I have an unfortunate tendency to giggle when I'm uncomfortable. It gets me into trouble. Laughing at the most inconvenient times- when someone gets hurt, when there's tension between people in a room, when I've embarrassed myself- is rude at best and extremely hurtful at worst.
Now that I've shared a humiliating personal flaw with everyone on the internet, take a moment to imagine my dismay when I felt giggles bubbling up into my chest when I witnessed a disgusting act of discrimination today, committed against my coworker. We were trying to enter a restroom, my coworker was in front of me. Several people had entered before us when the restroom attendant suddenly appeared and denied access to my coworker while welcoming me into the restroom. It happened so fast, I really didn't know what to do. It's one of those things that I was completely blindsided by and in hindsight, I had a thousand responses for the transgressor, but in that moment, I could only stand with my mouth slightly gaping, trying really hard not to giggle.
Never have I felt more useless. I should have defended my coworker, I should have fought for her rights, at the very least, I should have had a strongly worded response for the offender. All I could do was stare at the restroom attendant and ask "why?" when she refused my coworker entry and encouraged me to come on in. I don't think of my coworker any differently than I do myself. In fact, I probably think more highly of her than I do myself. So I was completely baffled when someone else looked at the two of us standing next to each other and determined that I was acceptable and she was not. I wasn't about to enter the restroom when my coworker wasn't allowed. That action confused the restroom attendant, who went back inside and locked both of us out.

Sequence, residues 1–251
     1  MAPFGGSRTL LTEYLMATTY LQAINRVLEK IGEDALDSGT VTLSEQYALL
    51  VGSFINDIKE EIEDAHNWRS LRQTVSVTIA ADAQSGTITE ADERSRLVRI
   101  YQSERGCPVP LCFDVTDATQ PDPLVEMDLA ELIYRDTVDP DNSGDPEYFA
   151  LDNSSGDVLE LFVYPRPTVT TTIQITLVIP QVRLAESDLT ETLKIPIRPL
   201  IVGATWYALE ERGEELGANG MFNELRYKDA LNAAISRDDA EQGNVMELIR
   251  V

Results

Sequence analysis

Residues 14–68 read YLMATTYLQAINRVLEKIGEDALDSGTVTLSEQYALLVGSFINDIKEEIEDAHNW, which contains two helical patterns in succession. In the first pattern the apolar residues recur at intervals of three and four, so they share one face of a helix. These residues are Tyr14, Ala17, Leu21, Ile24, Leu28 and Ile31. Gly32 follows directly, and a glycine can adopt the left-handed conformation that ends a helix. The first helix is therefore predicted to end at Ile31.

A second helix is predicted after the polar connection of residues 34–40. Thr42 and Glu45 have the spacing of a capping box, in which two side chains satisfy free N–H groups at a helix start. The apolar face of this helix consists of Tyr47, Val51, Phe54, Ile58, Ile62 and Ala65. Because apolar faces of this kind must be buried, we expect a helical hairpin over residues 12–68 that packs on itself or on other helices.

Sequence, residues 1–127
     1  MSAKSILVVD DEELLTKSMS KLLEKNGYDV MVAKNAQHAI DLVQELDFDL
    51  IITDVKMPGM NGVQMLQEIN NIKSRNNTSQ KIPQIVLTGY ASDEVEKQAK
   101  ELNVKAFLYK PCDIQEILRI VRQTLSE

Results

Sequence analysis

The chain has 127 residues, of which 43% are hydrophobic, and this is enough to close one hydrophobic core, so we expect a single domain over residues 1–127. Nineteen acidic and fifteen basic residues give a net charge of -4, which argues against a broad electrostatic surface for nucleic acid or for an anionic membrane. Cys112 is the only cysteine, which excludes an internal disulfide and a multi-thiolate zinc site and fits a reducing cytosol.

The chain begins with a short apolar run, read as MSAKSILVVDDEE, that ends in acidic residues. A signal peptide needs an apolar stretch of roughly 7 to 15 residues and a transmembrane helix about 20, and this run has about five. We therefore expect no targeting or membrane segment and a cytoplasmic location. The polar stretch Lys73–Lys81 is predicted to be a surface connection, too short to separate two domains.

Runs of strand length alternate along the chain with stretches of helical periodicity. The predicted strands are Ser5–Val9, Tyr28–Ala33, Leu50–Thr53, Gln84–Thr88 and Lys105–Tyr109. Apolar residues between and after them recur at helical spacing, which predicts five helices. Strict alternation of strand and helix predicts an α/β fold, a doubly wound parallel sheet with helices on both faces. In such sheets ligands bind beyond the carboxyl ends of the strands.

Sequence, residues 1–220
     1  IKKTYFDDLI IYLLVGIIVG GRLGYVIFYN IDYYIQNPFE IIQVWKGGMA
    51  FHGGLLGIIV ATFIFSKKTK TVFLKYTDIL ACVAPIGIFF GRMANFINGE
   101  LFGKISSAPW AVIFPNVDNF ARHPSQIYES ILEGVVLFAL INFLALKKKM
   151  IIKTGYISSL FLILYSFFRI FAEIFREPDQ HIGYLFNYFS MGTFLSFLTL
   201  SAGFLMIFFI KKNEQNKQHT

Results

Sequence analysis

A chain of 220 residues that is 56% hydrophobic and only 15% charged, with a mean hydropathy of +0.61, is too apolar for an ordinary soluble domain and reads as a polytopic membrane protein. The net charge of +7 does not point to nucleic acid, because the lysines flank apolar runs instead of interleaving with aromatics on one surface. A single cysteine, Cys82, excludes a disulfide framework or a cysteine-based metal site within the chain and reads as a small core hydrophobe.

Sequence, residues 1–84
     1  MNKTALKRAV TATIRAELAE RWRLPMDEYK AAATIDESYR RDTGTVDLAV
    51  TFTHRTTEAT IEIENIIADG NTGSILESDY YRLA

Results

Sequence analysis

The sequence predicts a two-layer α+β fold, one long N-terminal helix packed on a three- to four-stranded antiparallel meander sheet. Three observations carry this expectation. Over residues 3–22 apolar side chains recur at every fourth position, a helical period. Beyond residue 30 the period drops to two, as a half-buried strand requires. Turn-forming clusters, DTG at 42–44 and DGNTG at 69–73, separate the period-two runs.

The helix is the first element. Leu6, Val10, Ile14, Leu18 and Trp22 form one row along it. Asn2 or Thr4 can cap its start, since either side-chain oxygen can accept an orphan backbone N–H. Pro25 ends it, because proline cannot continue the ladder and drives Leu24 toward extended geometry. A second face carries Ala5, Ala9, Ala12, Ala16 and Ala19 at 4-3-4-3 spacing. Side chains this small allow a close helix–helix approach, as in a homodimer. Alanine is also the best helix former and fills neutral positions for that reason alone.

My lovely friend, whom I learn from and laugh with, the lady I called when I found a lizard in my hairbrush tonight, the child of God who was made in His image as surely as I was, the warrior who campaigns for the rights of domestic helpers, was denied access to a restroom simply because she looks different than I do.
I'm not naive enough to think racism doesn't exist. I know it's alive and well in all parts of the world. I know the fact that I'm a white American shields me from much exposure to it. Hong Kong bills itself as a "world class city." As long as behaviors like the one I witnessed today happen with any sort of regularity or acceptance, I think there's still a lot of progress to be made before that's an accurate title.